Larry Kent’s Vancouver Trilogy
Screening Dates
New Restoration

The Bitter Ash is not a happy or hopeful film, but it is, even with all its technical shortcomings, an honest and genuinely amazing one.”

Geoff Pevere, The Globe and Mail

In 1963, a UBC student named Larry Kent wrote and directed Vancouver’s first modern and completely independent Canadian feature. Produced for a mere $5,000, this scandalous drama set against the sexual revolution was also, arguably, the first modern Canadian feature period, predating Don Owen’s Nobody Waved Goodbye by a year. Kent’s brash film follows the sexual shenanigans of a young man torn between adult responsibility and the freedoms offered by the emerging counterculture. Set to a free jazz score and imbued with New Wave visual energy, The Bitter Ash announced itself as something new and vital in Canadian cinema. A notorious nude scene saw it banned in many locales, but also made it a must-see on Canadian campuses! A big piece of Canadian and BC film history … The Bitter Ash is to Vancouver what La Dolce Vita is to Rome” (Brett Enemark).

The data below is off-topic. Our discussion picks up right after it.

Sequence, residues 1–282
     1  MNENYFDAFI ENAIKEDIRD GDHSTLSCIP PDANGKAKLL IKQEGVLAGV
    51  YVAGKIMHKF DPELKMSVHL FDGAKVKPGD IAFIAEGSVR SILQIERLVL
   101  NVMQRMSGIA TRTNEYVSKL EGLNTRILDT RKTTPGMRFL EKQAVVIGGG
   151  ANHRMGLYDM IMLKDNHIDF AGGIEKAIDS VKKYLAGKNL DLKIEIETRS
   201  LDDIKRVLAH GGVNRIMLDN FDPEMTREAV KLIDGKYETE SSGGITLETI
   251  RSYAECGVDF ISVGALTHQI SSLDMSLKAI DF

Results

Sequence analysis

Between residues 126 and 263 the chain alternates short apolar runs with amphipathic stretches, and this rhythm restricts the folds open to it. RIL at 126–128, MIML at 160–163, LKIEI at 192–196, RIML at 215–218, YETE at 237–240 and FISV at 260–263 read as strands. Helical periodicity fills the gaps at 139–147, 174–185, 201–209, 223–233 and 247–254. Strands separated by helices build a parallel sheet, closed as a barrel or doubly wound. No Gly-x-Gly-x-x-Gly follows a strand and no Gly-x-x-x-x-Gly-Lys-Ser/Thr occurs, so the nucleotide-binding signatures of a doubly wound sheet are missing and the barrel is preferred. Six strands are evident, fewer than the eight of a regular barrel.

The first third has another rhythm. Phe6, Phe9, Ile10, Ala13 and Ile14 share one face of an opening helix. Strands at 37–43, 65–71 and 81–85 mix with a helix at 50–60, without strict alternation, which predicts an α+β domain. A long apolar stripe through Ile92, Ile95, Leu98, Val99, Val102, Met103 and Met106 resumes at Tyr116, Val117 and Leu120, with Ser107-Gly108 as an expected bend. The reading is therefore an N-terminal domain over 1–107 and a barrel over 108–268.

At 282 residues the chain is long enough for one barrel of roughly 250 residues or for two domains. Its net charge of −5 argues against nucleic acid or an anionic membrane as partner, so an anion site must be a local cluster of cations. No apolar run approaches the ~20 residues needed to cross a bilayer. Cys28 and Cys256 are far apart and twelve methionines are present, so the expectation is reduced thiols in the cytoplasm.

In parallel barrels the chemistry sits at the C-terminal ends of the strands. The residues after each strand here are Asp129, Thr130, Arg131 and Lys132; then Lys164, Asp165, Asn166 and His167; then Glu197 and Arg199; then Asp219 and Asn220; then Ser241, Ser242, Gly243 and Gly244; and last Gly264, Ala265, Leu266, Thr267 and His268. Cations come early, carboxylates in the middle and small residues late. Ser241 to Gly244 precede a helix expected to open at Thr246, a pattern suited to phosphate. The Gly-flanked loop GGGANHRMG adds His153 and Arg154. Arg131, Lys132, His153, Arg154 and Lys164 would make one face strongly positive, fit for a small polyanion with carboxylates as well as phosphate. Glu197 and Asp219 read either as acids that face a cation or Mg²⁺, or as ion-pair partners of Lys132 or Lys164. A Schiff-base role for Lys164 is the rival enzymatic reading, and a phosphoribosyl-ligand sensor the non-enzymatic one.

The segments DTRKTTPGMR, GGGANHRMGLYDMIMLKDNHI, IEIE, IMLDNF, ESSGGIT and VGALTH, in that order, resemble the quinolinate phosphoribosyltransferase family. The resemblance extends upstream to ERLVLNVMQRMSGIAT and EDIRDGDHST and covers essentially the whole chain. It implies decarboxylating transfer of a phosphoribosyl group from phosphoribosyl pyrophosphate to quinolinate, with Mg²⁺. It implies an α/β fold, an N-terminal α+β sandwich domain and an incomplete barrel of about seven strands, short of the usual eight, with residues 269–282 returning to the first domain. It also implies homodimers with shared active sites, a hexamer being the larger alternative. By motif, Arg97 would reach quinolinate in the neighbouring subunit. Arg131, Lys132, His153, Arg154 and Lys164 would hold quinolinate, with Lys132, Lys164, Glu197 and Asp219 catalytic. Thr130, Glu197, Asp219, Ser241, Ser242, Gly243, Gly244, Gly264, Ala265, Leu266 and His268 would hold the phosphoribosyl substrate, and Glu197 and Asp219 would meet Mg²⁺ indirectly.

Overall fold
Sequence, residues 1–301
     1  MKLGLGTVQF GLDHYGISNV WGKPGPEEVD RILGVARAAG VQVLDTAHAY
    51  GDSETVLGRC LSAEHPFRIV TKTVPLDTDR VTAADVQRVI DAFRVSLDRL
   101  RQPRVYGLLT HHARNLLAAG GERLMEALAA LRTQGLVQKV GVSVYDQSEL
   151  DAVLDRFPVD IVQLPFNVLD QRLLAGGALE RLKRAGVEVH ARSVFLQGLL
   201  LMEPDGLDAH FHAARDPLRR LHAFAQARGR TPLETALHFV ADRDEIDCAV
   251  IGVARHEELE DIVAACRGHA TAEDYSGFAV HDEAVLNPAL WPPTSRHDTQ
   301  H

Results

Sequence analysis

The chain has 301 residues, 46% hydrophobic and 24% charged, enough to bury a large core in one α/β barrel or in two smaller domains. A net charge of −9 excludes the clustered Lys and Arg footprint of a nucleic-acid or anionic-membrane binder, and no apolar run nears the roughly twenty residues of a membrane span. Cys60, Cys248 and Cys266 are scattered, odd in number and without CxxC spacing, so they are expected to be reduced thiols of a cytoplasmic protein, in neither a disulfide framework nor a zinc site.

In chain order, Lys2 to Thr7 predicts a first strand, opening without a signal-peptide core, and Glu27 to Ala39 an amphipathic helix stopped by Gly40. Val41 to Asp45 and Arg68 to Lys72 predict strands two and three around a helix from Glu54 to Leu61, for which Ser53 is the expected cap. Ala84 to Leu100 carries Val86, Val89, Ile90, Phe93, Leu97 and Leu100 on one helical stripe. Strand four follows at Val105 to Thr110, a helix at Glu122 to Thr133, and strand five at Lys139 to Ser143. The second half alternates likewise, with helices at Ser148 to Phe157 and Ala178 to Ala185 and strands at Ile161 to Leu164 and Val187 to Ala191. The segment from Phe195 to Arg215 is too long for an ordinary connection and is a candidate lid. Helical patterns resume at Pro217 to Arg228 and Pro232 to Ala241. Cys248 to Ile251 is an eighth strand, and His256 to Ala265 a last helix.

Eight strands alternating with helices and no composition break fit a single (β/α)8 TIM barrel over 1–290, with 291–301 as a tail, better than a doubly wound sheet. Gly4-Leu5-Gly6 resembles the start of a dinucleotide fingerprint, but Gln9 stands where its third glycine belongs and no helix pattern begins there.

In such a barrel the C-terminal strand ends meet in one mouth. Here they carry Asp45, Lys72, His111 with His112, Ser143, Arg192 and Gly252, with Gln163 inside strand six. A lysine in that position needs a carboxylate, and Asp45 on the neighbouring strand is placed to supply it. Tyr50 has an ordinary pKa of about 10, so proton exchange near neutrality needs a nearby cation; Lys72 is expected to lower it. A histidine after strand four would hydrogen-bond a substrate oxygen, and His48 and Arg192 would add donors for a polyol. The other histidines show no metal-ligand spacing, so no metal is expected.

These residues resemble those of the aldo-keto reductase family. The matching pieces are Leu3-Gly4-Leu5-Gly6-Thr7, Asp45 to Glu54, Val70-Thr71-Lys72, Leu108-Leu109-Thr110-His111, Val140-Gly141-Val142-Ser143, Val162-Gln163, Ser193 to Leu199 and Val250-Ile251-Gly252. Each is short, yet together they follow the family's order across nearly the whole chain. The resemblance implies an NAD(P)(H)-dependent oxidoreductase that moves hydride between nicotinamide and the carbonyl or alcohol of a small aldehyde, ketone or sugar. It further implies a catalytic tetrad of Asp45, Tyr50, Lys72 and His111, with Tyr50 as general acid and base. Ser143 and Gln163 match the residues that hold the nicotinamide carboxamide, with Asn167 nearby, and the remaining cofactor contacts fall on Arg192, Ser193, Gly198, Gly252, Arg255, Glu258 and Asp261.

Kent owed nothing to the NFB’s tradition of documentary, nor was he a child of CBC drama … The Bitter Ash bears more resemblance to Robert Frank’s Beat classic Pull My Daisy or John Cassavetes’s Shadows. It is an authentic Canadian Beat-cinema moment.”

David Douglas, Fantasia 2023
Media

Upcoming in this Series

  • Bitter Ash 1
  • The Bitter Ash
  • Canada1963
  • Larry Kent
  • 79 DCP
  • NR
  • The Vancouver Trilogy
  • Sweet Substitute 1
  • Sweet Substitute
  • aka Caressed
  • Canada1964
  • Larry Kent
  • 85 DCP
  • NR
  • The Vancouver Trilogy
  • When Tomorrow Dies 1
  • When Tomorrow Dies
  • Canada1965
  • Larry Kent
  • 88 DCP
  • NR
  • The Vancouver Trilogy